The Mackinac Center sponsored a luncheon Oct. 26 in Troy where attendees had a chance to meet some of the "stars" of the Center's recent YouTube video series in which Canadian citizens describe the problems they have had with their country's single-payer health care system. Two of those individuals are Shirley McGuin and Mike Jubenville.

Both described how they used to think that Canada had a great system, in part because they rarely used it. Actually, some years ago Shirley had benefited from the system in an emergency situation when a serious head injury put her in the hospital for 16 days. She reports that the treatment was excellent, and that she was pleased at not having to pay any bills.

Mike Jubenville had always been healthy, and found no fault with the system's handling of his children's births, plus some other minor problems.

In both cases their views changed dramatically when they had to rely on the Canadian health care system for treatment of conditions that, while not life threatening, were extremely painful and debilitating.

In Shirley's case, the problem was her knee. After the usual one-month wait for an appointment, her primary care physician — the "gatekeeper" of the entire system — told her that she needed a knee replacement. She was then shocked to discover that the wait to see an orthopedic specialist was 18 months! During the wait her condition steadily worsened, turning this vigorous 60-something woman into a virtual invalid, doped-out most of the time on painkillers that the system readily provided.

When she finally got in to see the specialist, the diagnosis and prescription was confirmed: Knee replacement surgery. After all those months of pain, and a life put on hold, Shirley was crushed to hear the next words: "We have a spot open one year from today." And even that wasn't for sure. 

At this point, all the pain and limping was causing other problems, including aggravating what had been minor back issues. "I couldn't wait," Shirley said. "I have a life to live and grandkids to play with."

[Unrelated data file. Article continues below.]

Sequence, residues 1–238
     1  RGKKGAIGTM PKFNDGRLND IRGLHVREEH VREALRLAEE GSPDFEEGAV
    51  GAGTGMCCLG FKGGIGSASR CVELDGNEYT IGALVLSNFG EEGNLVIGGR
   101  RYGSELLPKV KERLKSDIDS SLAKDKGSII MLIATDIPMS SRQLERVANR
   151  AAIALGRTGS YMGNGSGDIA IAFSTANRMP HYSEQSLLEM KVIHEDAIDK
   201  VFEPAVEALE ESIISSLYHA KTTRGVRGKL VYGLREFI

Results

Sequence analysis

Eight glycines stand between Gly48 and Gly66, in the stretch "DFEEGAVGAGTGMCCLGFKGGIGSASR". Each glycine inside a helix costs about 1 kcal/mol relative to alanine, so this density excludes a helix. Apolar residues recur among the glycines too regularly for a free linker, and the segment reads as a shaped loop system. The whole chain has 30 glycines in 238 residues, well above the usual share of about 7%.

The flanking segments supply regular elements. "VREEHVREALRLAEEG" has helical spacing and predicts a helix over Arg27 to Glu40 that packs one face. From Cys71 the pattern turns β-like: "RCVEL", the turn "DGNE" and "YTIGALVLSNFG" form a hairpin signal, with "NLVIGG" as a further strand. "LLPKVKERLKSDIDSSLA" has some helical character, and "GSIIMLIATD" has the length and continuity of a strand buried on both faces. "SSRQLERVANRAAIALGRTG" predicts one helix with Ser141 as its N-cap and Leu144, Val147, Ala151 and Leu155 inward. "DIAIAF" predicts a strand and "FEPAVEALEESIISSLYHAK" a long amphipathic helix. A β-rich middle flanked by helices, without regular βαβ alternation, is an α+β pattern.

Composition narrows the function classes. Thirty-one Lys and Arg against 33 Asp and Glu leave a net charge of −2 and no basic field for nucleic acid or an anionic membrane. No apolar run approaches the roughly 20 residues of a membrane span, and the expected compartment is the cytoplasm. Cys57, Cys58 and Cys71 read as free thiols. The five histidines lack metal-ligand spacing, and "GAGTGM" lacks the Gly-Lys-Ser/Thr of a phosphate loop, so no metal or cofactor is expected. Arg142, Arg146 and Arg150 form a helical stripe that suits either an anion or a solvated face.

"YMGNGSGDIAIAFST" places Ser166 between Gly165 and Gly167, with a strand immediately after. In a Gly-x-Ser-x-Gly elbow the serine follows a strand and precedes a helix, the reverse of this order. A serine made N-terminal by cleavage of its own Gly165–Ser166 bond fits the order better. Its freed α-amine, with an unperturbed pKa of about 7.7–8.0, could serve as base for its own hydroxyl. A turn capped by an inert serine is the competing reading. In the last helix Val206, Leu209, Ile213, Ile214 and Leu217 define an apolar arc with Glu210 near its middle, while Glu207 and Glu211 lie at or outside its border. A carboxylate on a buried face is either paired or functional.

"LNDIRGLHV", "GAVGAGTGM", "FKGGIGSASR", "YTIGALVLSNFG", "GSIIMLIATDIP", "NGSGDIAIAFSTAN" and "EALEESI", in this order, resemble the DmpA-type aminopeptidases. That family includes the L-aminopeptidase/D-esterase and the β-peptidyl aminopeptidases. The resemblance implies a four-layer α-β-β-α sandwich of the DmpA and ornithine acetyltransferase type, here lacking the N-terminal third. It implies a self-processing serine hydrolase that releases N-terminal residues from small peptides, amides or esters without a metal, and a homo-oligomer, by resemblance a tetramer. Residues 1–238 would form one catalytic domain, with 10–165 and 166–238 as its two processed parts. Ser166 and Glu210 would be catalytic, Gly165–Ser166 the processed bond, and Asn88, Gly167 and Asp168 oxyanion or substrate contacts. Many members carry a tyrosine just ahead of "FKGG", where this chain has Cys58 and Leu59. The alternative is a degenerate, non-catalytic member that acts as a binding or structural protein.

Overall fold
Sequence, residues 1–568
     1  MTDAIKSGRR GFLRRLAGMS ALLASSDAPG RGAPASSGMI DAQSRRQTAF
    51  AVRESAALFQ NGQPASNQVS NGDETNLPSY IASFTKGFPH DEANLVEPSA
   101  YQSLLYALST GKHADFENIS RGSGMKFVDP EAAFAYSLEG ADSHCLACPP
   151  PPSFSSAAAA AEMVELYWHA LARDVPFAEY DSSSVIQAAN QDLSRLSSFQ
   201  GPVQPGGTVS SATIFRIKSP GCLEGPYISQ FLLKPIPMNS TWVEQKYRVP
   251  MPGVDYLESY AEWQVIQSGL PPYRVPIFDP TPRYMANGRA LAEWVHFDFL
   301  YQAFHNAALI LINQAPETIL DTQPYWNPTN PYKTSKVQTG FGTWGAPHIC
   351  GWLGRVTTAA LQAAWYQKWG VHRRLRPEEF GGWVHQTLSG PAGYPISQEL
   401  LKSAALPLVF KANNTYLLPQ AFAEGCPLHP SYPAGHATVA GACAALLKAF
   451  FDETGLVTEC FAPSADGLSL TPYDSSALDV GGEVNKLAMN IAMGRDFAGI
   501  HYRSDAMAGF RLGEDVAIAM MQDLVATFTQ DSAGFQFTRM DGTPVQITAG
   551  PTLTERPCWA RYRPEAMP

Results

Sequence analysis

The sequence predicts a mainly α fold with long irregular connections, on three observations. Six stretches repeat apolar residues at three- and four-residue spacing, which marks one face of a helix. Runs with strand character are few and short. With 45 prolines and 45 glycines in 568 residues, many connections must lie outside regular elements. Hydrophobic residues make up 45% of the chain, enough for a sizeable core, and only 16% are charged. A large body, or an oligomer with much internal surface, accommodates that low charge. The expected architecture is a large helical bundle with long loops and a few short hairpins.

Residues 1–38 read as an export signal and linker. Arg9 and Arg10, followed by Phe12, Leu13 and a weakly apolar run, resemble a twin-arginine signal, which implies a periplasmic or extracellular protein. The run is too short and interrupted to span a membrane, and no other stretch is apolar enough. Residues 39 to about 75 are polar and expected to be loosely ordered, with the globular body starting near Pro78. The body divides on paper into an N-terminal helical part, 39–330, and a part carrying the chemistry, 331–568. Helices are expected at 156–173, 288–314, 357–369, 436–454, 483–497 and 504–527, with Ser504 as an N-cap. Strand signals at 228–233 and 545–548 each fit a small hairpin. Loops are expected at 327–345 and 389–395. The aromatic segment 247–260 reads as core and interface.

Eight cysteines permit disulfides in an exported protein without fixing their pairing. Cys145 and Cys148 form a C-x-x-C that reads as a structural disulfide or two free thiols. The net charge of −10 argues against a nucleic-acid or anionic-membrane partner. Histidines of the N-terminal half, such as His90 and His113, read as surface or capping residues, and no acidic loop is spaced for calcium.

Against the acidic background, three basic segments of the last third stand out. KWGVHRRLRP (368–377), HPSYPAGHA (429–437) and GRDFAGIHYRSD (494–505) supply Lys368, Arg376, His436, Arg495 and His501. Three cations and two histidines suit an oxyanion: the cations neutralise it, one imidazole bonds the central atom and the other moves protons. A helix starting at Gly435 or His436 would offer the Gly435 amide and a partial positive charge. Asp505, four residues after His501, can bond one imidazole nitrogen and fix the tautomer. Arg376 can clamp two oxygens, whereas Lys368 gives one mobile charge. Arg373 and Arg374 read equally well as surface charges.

Mike Jubenville's story is equally chilling. At the age of 30, he woke up one morning with a stiff neck. No big deal, he thought. But the pain kept getting worse, eventually spreading down his arm and causing numbness in his hand. He was bounced around the system for a while, getting no answer, and eventually was referred to a neurosurgeon. Waiting period: 18 months.

The condition steadily worsened to the point where this young man was bedridden, disabled and unable to work. "It's hard to run your own business when you can't hold a pen," Mike said. He was using his left hand to put his right into his pocket so it wouldn't look weird, dangling there and not able to move. 

After another year, Mike got his surgery, but only after hearing that while they might save his arm, there wasn't much hope for his neck. The surgery was a failure, leaving Jubenville in worse pain than before. He was told that nothing could be done and he would spend the rest of his life that way. Mike choked up telling this to the Troy audience: "I couldn't hang on. I started literally thinking about taking my life."

Clearly something changed for the better for both these individuals, because at the Troy event on Monday each was looking spry and chipper. That "something" was another of the Mackinac Center video "stars," Ms. Kelly Meloche, founder and CEO of the Windsor-based International HealthCare Providers, Inc., which organizes "medical tourism" for individuals the Canadian health care system has failed.

Mike Jubenville and Shirley McGuin were two of the firm's clients. Both described how within weeks of learning they could obtain treatment in the States, surgery was scheduled and successfully performed. In Mike's case, the American doctor spotted something in his MRI that the (overworked) Canadian specialist had missed. Both had to pay for their treatment here, but as Mike asks in the video and at the Troy event, "What's your life worth?"

Ms. Meloche says that at any given moment, between 850,000 and 1 million Canadians are on some kind of wait list for "free" health care. Business is good for her.